Sony comes out to play

Sony comes out to playRichard Ball and Steve Bush
Sony Computer Entertainment gave details of an impressive sounding media processor at ISSCC.
The 250MHz chip will form the core of Sony’s next Playstation games console.
The device has ten floating point multiply accumulator (MAC) blocks, four floating point dividers and an MPEG2 decoder.
All this is integrated, using 10.5 million transistors, onto a die measuring 240mm2 in a 0.18?m process. Its peak performance is claimed to be 55 million polygons rendered a second.
Sony’s focus has always been in entertainment, and in recent years this has moved to computer products such as games consoles. The company believes the secret to high performance multimedia is to have multiple execution units and wide internal busses.
At the core of the media processor is a MIPS Technologies processor from Toshiba, which controls data over 128-bit busses. The processor is superscalar, issuing two instructions per cycle at 250MHz.
Attached to the bus are two floating point vector co-processors and an image processing unit. A ten channel DMA controller feeds the execution units with data at 125MHz.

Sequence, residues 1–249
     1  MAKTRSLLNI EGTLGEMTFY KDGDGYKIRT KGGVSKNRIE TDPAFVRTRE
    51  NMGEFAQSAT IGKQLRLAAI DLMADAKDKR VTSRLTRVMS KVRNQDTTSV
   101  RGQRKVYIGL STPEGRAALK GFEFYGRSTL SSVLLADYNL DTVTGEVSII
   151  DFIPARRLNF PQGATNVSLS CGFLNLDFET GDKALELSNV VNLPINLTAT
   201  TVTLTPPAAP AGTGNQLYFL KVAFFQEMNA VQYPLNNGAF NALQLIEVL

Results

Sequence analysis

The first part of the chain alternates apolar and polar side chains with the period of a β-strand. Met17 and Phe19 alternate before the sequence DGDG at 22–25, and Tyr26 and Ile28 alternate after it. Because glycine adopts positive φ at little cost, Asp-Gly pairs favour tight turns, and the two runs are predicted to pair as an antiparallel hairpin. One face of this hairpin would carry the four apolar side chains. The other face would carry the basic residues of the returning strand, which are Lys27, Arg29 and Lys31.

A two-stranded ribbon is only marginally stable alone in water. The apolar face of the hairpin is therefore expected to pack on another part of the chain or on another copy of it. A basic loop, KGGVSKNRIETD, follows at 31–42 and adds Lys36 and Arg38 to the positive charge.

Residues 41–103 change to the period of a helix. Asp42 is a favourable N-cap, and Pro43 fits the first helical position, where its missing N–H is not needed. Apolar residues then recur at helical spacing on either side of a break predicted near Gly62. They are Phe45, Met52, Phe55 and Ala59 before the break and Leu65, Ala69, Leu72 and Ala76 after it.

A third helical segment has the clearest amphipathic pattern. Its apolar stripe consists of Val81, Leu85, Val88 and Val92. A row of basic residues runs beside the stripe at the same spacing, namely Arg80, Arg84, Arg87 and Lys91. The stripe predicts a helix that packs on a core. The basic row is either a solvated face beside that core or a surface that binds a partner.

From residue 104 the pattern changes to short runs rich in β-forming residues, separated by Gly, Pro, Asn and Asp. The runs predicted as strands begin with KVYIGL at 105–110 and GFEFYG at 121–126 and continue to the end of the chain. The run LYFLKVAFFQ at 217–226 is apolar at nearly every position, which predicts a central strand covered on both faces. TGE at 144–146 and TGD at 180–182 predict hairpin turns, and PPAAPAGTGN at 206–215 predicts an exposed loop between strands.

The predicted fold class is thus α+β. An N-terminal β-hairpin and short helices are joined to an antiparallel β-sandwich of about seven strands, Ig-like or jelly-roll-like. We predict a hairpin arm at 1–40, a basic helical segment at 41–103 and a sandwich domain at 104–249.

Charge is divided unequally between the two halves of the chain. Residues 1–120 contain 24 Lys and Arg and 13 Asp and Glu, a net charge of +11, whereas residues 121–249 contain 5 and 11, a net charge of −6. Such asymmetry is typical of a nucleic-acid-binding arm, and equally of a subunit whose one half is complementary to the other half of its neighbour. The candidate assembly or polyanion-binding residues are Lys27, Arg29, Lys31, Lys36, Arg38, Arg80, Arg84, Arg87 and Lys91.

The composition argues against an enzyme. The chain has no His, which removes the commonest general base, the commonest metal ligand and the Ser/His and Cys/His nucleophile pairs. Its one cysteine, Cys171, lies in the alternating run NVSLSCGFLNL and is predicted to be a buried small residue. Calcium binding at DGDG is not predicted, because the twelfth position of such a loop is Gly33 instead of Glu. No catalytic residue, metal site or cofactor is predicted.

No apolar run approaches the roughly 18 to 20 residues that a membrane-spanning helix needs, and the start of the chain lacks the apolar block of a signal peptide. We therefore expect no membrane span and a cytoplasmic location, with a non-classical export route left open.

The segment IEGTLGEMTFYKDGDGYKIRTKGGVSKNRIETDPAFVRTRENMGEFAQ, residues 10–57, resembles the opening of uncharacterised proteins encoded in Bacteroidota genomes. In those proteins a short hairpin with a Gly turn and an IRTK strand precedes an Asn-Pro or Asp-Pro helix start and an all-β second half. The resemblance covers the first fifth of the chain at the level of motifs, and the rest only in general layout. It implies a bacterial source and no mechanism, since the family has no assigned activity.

The first vector unit (VU0) contains a floating point MAC and divider. The 128-bit wide MAC operates on four 32-bit floating point numbers simultaneously – effectively giving four MACs.
This single instruction, multiple data (SIMD) technique is the same as that used by AMD for its 3DNow! instructions and Intel for its SSE instructions on the Katmai processor. An extra 107 instructions have been added to the MIPS instruction set.
The processor and VU0 are connected by a dedicated 128-bit bus that ties the vector instructions into processor instructions. The two cores can collaborate without interfering with the main bus.
The second vector unit (VU1) mirrors VU0 with the addition of another MAC and divider for geometry calculations. It is VU1 that feeds data via a dedicated 64-bit bus to the external graphics chip.
The image processing unit includes the MPEG2 decoder and carries out colour space conversion from YCbCr to RGB.
The tenth MAC and fourth divider make up the processor’s floating point unit.

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